1. Think About the Future: If your company plans to get bigger by buying other companies or adding more users and applications, your network will have to grow too. You don't have to buy everything right away, but you should get tools that can grow with you.
  2. Know Your Network: Look at your network and see if there are parts that are really important or sensitive. Maybe they have important data. Or maybe your network has grown in a bit of a messy way. You need to decide what needs watching.
  3. Collecting Information: Think about what kind of information you need to collect. It could be data about how things are working or who's using the network.
  4. Where to Put Things: Decide where to put the tools that help you watch the network. If you put them in the wrong places, it's like having blind spots.
  5. What's Normal: You should know what's normal for your network. This helps you spot when something's not right.
  6. Rules and Laws: Depending on where you are, there might be rules about how you have to keep data. Like, you might need to keep records of what's happening in your network in case something goes wrong.
  7. Following the Rules: Make sure you do everything the right way, following your company's rules and security checks.
  8. Who Does What: Figure out who's responsible for what in your team. Different people should handle different problems.
  9. Dashboards: Think about what kind of displays or charts you need to see how your network is doing.
  10. Locations: Make a list or map of all the places you need to keep an eye on in your network.

Planning all these things out is like making a roadmap for your network observability. It helps you see where you're going and how to get there. If you need a handy guide to help you choose the right network observability platform for your organisation, VIAVI has put together a helpful checklist called 5 Steps to Network Observability Checklist.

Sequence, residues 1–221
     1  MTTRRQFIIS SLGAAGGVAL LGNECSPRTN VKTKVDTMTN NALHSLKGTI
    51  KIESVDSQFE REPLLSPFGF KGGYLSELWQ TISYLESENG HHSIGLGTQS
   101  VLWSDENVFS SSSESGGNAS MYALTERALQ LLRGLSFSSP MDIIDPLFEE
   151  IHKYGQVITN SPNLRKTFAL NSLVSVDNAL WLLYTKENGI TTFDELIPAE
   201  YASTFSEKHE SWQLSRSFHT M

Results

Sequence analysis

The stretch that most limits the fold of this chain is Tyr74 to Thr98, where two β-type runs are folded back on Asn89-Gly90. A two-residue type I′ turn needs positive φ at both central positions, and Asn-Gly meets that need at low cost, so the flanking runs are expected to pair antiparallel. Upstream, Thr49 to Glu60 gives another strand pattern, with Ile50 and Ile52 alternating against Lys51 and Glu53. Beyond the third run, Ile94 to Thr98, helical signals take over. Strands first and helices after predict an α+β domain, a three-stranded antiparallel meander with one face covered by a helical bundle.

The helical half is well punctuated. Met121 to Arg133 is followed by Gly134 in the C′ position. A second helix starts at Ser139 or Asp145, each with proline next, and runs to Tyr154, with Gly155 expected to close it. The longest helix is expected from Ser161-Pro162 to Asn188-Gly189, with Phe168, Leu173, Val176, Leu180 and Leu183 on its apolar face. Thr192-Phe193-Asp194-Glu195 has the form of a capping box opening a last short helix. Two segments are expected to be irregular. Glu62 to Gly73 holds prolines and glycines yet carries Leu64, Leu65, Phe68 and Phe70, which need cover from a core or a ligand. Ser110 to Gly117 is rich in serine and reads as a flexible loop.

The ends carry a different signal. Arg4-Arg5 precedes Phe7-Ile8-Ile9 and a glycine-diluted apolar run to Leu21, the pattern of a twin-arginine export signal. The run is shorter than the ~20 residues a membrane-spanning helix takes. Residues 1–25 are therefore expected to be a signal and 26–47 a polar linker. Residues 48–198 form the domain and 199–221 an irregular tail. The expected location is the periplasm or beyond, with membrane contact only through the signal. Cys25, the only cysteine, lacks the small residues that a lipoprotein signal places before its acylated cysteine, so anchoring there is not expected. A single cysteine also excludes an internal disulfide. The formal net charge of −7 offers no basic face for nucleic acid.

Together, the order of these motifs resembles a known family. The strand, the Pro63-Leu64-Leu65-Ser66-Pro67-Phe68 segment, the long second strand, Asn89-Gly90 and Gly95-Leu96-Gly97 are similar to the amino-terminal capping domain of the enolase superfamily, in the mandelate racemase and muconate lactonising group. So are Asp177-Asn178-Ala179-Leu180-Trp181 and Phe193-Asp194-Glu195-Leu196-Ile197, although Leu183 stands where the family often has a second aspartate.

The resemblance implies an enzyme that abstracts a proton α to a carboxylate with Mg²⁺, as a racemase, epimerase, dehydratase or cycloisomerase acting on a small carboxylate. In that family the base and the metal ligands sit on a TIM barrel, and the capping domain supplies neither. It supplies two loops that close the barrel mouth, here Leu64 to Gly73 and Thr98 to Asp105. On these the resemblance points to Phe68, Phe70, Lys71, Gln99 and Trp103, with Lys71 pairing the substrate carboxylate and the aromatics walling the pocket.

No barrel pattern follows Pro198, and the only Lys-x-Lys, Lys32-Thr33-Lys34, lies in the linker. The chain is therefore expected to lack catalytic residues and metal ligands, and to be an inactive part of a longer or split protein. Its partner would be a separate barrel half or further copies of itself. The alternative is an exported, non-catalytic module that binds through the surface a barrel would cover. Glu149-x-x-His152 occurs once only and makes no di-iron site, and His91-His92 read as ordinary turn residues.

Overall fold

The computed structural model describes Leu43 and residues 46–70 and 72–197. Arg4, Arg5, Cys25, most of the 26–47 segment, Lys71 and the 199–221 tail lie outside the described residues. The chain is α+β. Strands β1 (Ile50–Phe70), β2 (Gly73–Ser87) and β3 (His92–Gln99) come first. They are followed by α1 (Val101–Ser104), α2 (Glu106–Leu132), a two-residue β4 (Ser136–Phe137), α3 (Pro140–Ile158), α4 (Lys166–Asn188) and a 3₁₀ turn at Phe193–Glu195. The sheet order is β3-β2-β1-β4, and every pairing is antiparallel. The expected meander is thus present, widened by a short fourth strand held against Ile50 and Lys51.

Once you've finished planning, you can start setting up network observability in a few logical steps to make sure the software fits your business needs.

  1. Installation: First, you'll need a team with different skills to figure out what computer resources you need and what kind of training is necessary. There are some easy-to-install solutions out there, like the VIAVI Observer platform, which comes with licenses and guides to get you started quickly.
  2. Finding and Gathering Data: You'll want to decide where to put things like sensors to watch your network. Sometimes, cloud services can help you see what's going on in places like Amazon Web Services (AWS) or in apps hosted in the cloud.
  3. Making and Setting Up Dashboards: Dashboards are like special screens that show you what's happening. You can make them show exactly what you need to know. For example, you can have one for bosses that gives them a big picture and lets them look more closely at details.
  4. Managing and Making It Better: Observability isn't just for fixing problems. It's also about making things run better all the time. You can make your observability tools collect data more efficiently and make your dashboards even more helpful. This makes your network work better too.
  5. Getting Expert Help: Sometimes, it's a good idea to get help from experts, like VIAVI. They have professionals who can help you plan, set things up, and get the most out of your observability tools.

So, think of it like building a house: first, you plan everything out, then you put in the foundations and walls, set up the rooms the way you want, keep the house in good shape, and if you need help, you can call in professionals. Building network observability is a bit like building a smart house for your computer network.

If you need help ensuring your network runs smoothly or have any questions about monitoring, understand or diagnosing your network, don't hesitate to reach out to us for expert guidance!

network observability

These dashboards give you at-a-glance visibility into your network’s underlying health with special widgets for web collaboration services, remote user monitoring, and much more.

Adding network teams and displaying executive-level dashboards is only the beginning. Check out the full Road to Observability eBook to learn more about management and optimization, a sample use case on capacity planning, and more.

If you have any questions, need help or want to see the full potential of your network, get in touch with us today by clicking here or calling us on 03 9381 7888.